Welcome to Scribd, the world's digital library. Read, publish, and share books and documents. See more
Download
Standard view
Full view
of .
Look up keyword
Like this
0Activity
0 of .
Results for:
No results containing your search query
P. 1
The Source and Remedy of Desponding Fears.

The Source and Remedy of Desponding Fears.

Ratings: (0)|Views: 1|Likes:
Published by GLENN DALE PEASE
BY REV. C. SIMEON, M. A.



Job XXXV. 14. jilt hough thou say est thou shalt not see him,
yet judgment is before him : therefore trust thou in him.
BY REV. C. SIMEON, M. A.



Job XXXV. 14. jilt hough thou say est thou shalt not see him,
yet judgment is before him : therefore trust thou in him.

More info:

Published by: GLENN DALE PEASE on Jun 20, 2014
Copyright:Traditional Copyright: All rights reserved

Availability:

Read on Scribd mobile: iPhone, iPad and Android.
download as PDF, TXT or read online from Scribd
See more
See less

06/20/2014

pdf

text

original

 
THE SOURCE AD REMEDY OF DESPODIG FEARS.BY REV. C. SIMEO, M. A.Job XXXV. 14. jilt hough thou say est thou shalt not see him, yet judgment is before him : therefore trust thou in him. I controversy there is need of the utmost can- dour; nor without it can we ever hope for a fa- vourable issue. The friends of Job were grievously- defective in it; and therefore utterly failed, either to convince him, or to be convinced themselves. But Elihu, who was an attentive auditor of the dispute, and who, on account of his youth,judged it indecorous to offer his sentiments till he saw that his elders were silenced, took up the matter with incomparably better temper and judgment, and, instead of bringing railing and unfounded accusations as the others had done, called Job's attention to many expressions he had 490 JOB, XXXV. 14. [327. had used, and endeavoured to convince him out of his own mouth. This was wise, and well adapted to the end proposed : and it is observable, that when God reproved the manner in which the other three had conducted the controversy, he said nothing to the disparagement of Eiihu, nor required any sacri- fice on his account. It is certain that Job, though far from being a hypocrite, as his friends had represented him, had not always spoken quite advisedly with his lips. His self-justification had been occasionally too strong,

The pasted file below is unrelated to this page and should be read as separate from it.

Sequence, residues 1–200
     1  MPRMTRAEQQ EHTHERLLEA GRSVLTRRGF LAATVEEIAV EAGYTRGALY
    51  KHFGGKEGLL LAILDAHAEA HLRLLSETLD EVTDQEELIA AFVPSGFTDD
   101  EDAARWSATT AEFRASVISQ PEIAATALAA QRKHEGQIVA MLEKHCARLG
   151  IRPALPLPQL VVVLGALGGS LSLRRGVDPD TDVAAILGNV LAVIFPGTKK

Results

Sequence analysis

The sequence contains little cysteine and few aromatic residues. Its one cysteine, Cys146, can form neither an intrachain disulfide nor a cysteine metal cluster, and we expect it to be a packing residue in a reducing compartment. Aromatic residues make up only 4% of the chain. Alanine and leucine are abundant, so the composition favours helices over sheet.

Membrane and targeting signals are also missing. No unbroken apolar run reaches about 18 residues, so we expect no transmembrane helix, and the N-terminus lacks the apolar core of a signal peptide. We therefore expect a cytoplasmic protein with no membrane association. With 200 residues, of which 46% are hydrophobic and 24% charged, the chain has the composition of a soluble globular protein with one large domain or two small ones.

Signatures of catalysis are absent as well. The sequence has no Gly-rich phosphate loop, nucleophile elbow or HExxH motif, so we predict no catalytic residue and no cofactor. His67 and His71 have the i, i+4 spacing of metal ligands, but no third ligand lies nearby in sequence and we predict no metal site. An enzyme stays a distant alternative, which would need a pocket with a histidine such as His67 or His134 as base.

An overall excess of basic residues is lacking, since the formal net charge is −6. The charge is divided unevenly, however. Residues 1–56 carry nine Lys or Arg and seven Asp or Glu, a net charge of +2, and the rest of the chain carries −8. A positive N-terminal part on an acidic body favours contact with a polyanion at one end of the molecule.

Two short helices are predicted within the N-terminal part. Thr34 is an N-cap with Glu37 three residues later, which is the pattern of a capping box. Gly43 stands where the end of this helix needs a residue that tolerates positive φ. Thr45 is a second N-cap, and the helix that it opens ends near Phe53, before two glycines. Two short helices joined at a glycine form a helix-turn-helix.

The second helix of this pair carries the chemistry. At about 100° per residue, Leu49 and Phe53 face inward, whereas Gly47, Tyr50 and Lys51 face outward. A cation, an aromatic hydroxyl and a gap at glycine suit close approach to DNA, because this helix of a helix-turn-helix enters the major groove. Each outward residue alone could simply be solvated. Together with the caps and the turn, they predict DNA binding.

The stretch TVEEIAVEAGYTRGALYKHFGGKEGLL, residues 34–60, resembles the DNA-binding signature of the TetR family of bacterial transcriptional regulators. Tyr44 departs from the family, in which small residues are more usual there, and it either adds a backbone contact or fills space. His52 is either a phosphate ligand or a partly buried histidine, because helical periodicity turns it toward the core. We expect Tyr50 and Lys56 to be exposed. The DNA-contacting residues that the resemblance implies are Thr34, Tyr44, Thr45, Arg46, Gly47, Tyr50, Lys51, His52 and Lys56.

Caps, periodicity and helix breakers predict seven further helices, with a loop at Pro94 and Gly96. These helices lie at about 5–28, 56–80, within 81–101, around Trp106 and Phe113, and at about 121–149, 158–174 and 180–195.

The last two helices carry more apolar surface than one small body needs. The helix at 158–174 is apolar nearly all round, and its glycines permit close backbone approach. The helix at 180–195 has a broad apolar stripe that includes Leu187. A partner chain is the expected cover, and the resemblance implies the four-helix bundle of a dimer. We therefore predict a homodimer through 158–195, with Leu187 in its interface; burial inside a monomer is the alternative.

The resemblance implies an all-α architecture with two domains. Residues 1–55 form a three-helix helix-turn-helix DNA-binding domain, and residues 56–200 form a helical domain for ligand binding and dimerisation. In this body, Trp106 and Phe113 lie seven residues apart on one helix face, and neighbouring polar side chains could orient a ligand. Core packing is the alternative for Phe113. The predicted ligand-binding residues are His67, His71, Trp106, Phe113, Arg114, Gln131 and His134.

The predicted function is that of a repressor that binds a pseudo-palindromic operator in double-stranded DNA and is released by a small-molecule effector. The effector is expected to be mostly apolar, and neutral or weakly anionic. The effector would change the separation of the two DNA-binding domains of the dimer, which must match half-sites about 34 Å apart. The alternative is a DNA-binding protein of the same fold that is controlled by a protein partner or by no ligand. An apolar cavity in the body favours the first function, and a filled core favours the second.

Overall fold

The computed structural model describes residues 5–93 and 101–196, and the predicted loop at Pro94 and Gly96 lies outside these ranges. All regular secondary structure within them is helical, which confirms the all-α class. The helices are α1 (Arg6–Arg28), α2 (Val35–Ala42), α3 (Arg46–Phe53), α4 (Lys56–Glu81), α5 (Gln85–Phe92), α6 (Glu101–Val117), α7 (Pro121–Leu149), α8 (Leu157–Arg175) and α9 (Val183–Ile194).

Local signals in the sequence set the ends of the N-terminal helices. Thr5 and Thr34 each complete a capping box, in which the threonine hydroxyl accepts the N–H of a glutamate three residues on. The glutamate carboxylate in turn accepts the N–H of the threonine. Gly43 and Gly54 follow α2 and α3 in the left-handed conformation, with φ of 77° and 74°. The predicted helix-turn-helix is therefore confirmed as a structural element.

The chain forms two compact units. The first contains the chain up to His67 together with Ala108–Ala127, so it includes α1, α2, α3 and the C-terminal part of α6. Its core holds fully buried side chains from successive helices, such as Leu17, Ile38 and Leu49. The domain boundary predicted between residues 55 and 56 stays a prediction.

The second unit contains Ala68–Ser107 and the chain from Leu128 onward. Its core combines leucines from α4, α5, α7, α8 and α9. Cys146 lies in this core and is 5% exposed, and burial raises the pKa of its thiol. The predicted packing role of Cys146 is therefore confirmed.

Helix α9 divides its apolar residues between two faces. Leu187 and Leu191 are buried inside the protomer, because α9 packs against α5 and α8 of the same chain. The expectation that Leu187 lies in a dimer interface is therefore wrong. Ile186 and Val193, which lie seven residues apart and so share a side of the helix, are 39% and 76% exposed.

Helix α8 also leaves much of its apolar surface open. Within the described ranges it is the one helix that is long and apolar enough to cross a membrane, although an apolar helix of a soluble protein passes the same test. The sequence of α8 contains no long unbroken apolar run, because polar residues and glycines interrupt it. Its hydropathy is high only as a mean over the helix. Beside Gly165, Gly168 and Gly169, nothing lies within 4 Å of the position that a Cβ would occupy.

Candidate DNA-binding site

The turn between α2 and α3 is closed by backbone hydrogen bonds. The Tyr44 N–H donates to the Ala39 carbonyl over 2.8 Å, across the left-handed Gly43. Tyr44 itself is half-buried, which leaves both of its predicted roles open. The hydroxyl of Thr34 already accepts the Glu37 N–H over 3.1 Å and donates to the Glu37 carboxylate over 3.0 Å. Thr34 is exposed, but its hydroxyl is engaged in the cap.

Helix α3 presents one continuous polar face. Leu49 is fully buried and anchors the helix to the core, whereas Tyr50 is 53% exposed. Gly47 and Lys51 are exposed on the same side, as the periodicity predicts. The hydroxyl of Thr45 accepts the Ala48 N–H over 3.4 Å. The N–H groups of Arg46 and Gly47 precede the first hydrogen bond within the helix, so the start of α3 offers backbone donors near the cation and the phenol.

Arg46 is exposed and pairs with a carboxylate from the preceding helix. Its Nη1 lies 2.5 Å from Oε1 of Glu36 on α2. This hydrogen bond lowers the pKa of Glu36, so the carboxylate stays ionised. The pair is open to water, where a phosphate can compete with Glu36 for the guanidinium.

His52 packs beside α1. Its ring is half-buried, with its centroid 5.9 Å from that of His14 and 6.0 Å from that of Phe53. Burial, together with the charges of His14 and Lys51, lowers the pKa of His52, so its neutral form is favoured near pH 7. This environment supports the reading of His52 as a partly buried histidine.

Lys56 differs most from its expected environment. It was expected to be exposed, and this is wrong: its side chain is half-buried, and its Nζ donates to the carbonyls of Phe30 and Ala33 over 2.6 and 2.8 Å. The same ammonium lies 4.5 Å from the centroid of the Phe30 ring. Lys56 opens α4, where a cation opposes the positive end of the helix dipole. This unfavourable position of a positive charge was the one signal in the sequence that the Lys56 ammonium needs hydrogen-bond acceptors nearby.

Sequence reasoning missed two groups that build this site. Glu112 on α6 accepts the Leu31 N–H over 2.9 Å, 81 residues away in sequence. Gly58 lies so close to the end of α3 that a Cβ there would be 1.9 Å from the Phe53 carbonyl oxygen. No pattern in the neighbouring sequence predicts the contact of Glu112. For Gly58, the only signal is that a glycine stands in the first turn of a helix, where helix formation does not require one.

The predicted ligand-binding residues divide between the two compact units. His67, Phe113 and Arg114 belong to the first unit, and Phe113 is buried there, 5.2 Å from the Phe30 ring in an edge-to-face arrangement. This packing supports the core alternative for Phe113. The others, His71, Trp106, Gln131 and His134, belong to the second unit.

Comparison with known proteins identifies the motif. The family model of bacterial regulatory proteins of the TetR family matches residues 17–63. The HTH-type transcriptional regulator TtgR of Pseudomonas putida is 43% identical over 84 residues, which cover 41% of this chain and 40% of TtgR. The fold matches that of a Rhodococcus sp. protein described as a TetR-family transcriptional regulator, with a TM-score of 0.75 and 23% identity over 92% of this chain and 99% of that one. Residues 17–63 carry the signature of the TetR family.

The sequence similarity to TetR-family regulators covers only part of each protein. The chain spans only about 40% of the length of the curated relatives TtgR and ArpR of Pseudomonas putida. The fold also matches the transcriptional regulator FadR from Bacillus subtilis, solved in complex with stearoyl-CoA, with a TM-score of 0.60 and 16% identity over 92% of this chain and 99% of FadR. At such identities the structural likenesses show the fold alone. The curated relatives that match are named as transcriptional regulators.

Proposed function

and his complaints of God's conduct towards him somewhat irreverent : he had yielded also too much to despondency. He had complained that he could not understand God's dealings with him, and that he had no hope or prospect of deliverance from his troubles\ This is noticed by Elihu in the words before us ; and the proper remedy for such desponding fears is pointed out to him : " although thou sayest thou shalt not see God, yet judgment is before him; therefore trust thou in him ;" that is. Place in God that confidence he deserves ; and all will yet be well. From the words thus explained we shall be led to consider, I. The source of desponding fears — There is far more of despondency in men than is . generally supposed : perhaps it is, as much as any other thing whatever, a ground of their continuing impenitent in their sins. The ostensible ground of men's fears is usually a sense of the extreme difficulty of their case — [Thus it was with I^ael at the Red Sea, at the waters of Marah, at the borders of Canaan also, when the spies represented the cities as impregnable, and the inhabitants as irresistible. Thus it was even with the pious Ilezekiah, when liis sickness appeared to be unto death"": and thus it is with multitudes amongst our- selves, who imagine that their circumstances are so calamitous, as to l)e bevoud the reach of any remedy. More particularly is this the case witli persons under spiritual trouble : they are apt to imagine, that their sins are unpardonal)le, and that their cor- ruptions arc too inveterate' ever to be subdued ] The ¦ Ch. xxiii. 8, 9. " Is;ii. xxxvlii. 10— J3.
 
327.] SOURCE AD REMEDY OF DESPODIG FEARS. 491 The real ground is a low apprehension of the per- fections of their God — [This is the interpretation which God himself puts on the unbelieving fears of his people. When Sarah laughed at the promise made to her, the answer was, " Is there any thing too hard for the Lord r" and the complaint of God against the un- believing Israelites was, that " they limited the Holy One of Is- rael." In fact, a just view of God's perfections would silence all fears : for if his wisdom, his power, his love, his faithfulness be really infinite, we have nothing to do, but to repose our con- ifidence in him, and we are safe ] But it is a small thing to know the source of de- sponding fears, unless we apply, II. The remedy — This is prescribed in the words of our text: 1. Contemplate God — [What we are to understand by that expression, " Judgment is before him," may be ascertained by consulting a similar pas- sage in the prophet Isaiah •*. He will do nothing but what is right and good ; nor will he omit any thing which it becomes him to do. Cojuider what he has done in a way of power and grace and is he not the same God as ever ? Consider what he has engaged to do : is there any thing that we can need, which is not made over to us by an express pro- mise ? Has he not said, that " his grace shall be sufficient for us ;" that " we shall have no temptation without a way to escape ;'* that " as our day is, so shall our strength be ;" that " he will give grace and glory, and withhold no good thing" from his be-

You're Reading a Free Preview

Download
scribd
/*********** DO NOT ALTER ANYTHING BELOW THIS LINE ! ************/ var s_code=s.t();if(s_code)document.write(s_code)//-->